Emanuela Claudia Del Re, sociologa specialista di conflitti, questioni religiose, minoranze, migrazioni e sviluppo con intensa attività di ricerca sul campo (Balcani, Africa, Medio Oriente), è professore associato abilitato in Sociologia generale e docente di Sociologia politica presso l’Università telematica Uninettuno. Vicedirettrice di Religioni & Società, membro del consiglio redazionale di Limes, è autrice di diversi volumi e saggi, tra i quali Women and Borders. Refugees Migrant and Communities, (Tauris, London, 2017).

Indice

Roberto Cipriani, Presentazione
Emanuela C. Del Re,
 Introduzione. La Religione come “stato mentale”. Lo studio di Fenggang Yang nel grande affresco storico della CinaPrefazione
Spiegare la vitalità religiosa
Una definizione di religione per lo studio scientifico-sociale della religione
Ateismo marxista cinese ed implicazioni politiche
Regolamentare la religione
I mercati rosso, nero e grigio della religione
L’economia di scarsità della religione sotto il comunismo
Dinamiche di oligopolio: Cina e oltre
Bibliografia.

Maternity cover lecturing opportunity at Bath Spa University in Religions, Philosophies and Ethics,

Sept 2020 up to 12 months Lecturer

This is a fixed-term post, with a strong focus on learning, teaching and module administration, the provision of high quality student experience and student recruitment. You must be able to deliver teaching in non-Western philosophies (Indian and/or Chinese) as well as contribute to a broad range of modules in Religions, Philosophy and Ethics at Levels 4, 5 and 6.

https://ce0187li.webitrent.com/ce0187li_webrecruitment/wrd/run/ETREC106GF.display_srch_all?WVID=2609280qud&LANG=USA

Fostering Ethics – Islam, Adoption and the Care of Children

Virtual Conference – Thursday 25 June, 14.00 – 18.30 (BST)

A joint conference hosted by the Prince Alwaleed Bin Talal Centre of Islamic Studies and CRASSH (Centre for Research in the Arts, Social Sciences and Humanities) at the University of Cambridge – this event will explore the challenges and possibilities for a new ethics of care for orphaned or abandoned children in Muslim communities.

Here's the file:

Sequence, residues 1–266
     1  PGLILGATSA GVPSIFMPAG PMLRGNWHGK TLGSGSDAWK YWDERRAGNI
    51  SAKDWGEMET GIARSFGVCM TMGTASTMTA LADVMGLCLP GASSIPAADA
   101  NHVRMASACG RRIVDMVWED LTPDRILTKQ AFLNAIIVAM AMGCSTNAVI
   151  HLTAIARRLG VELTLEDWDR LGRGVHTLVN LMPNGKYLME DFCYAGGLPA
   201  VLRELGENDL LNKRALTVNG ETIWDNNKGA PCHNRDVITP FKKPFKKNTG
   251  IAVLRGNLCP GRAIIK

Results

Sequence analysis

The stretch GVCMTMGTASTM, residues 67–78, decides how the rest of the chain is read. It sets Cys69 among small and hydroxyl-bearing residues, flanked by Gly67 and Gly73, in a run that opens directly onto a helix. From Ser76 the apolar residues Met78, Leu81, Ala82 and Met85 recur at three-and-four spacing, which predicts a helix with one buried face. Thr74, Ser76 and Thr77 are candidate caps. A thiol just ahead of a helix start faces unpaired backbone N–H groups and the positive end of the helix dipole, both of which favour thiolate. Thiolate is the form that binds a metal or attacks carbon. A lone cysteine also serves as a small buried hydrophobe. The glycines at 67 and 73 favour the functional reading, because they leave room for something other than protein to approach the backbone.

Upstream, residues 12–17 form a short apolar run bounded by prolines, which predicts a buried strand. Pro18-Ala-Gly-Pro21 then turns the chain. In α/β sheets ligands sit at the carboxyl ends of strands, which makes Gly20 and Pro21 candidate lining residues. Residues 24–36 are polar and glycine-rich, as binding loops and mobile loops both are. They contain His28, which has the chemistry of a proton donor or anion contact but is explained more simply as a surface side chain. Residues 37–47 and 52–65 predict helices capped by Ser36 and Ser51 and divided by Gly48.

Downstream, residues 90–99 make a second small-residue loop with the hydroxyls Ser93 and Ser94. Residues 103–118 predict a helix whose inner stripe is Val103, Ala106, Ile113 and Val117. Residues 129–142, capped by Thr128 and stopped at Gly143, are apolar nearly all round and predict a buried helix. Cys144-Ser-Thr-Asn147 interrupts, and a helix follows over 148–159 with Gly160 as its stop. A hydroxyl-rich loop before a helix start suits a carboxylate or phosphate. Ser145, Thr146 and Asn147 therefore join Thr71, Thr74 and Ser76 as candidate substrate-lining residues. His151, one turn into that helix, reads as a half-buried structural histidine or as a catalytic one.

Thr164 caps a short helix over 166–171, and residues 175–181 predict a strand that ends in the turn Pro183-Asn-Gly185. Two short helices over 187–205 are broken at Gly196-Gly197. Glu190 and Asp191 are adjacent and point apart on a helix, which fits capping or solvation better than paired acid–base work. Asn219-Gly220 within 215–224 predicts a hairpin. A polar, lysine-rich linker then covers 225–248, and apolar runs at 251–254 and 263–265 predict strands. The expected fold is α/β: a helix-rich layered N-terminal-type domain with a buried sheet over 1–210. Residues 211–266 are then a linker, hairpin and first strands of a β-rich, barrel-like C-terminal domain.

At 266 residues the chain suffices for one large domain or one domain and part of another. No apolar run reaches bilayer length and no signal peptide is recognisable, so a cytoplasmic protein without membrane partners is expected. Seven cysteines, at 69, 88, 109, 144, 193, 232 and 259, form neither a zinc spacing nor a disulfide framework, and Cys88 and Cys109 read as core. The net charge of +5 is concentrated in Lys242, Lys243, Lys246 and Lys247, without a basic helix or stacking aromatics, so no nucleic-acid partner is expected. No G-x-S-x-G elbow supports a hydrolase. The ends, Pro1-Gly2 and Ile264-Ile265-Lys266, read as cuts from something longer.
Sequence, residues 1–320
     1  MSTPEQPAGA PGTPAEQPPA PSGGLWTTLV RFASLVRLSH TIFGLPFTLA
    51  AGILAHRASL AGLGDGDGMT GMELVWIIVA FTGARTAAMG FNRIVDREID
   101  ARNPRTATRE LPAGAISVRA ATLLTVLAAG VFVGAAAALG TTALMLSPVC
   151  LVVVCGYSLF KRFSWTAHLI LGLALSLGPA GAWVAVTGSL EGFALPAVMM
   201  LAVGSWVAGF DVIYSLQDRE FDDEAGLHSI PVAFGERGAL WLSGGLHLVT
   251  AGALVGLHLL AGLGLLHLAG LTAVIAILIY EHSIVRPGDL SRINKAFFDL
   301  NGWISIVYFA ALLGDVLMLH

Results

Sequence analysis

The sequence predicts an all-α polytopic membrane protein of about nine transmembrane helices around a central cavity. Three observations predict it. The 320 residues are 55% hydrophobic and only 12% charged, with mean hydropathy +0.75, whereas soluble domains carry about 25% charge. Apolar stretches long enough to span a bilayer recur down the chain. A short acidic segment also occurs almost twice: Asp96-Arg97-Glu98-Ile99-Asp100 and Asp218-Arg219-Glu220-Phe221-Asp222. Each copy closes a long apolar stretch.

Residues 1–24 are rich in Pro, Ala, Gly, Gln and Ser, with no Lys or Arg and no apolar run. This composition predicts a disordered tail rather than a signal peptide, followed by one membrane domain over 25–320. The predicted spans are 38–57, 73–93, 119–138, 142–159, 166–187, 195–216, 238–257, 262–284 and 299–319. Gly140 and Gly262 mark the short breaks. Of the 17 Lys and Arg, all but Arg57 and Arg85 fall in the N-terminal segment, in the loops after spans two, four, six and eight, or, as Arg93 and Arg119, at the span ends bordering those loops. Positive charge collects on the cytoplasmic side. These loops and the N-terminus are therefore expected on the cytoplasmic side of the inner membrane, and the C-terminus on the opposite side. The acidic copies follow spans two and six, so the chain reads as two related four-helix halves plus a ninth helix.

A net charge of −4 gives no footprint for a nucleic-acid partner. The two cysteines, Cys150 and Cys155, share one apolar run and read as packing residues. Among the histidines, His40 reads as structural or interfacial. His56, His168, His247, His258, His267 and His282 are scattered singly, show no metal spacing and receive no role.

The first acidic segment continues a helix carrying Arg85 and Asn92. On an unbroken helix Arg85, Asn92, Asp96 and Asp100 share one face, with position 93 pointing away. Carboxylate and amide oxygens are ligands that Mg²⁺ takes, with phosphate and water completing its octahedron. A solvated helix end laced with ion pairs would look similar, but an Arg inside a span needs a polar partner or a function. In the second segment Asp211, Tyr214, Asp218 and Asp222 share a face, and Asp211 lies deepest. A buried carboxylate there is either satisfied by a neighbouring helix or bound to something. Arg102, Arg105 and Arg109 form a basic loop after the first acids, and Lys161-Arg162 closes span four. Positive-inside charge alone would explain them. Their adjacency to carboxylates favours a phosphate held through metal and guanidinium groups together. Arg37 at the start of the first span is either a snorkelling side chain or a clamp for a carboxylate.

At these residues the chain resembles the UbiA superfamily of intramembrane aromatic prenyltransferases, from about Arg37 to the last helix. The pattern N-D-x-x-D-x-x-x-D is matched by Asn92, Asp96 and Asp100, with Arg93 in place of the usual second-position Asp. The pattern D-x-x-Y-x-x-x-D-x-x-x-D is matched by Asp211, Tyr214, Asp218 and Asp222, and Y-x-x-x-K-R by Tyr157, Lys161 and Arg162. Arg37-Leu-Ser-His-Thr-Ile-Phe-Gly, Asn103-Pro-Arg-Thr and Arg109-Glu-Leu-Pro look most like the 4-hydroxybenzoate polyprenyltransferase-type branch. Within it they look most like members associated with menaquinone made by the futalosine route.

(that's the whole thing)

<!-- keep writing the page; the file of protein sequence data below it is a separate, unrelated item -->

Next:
The adoption or fostering of children represents a complex issue in Islam, and a source of common misconceptions. The topic has gained increasing attention recently, given the reality of many Muslim children in foster care and the urgent needs of unaccompanied minors among refugees and migrants of Muslim background. This online conference brings together a number of academics and experts from the UK and abroad, to share relevant research and shed light on the issue from a variety of perspectives, including Islamic law and history, social science, and professional experience in care.

For a full programme and to register for the event please see the Eventbrite page: https://www.eventbrite.co.uk/e/fostering-ethics-islam-adoption-and-the-care-of-children-tickets-107553007942

Hashtag: #FosteringEthicsIslam

SocrelNews 2020 Issue 11

Greetings from lockdown! I hope you are all finding ways to manage your rhythms and your days throughout the disruptions of the last few months. In my own department, we’re working feverishly through the tail end of marking before exam boards, and that may be the same for many of you. Others of you may be problem-solving your research plans or carving out time for your writing. We can imagine a host of situations, but whatever they may be, I can only hope that you’re managing – getting the support you need and perhaps being a support for others.

I’m pleased to share the latest issue of our study group’s newsletter, Socrel News. It’s a thinner issue than it might otherwise be, and it tells many of the tales of disruption, too. It also speaks to how the Socrel executive committee is managing its membership amid cancellations and postponements. Finally, and perhaps very relevantly right now, we feature some of our members who work in environments beyond higher education, with perhaps insight for those who are using this lockdown time to discern their direction.

Please read it and share it. Our JISCMail system doesn’t allow for attachments, so it is shared here as a link. Click on it, and the pdf will download for you to read and share.

https://www.britsoc.co.uk/media/25327/socrelnews-issue-11.pdf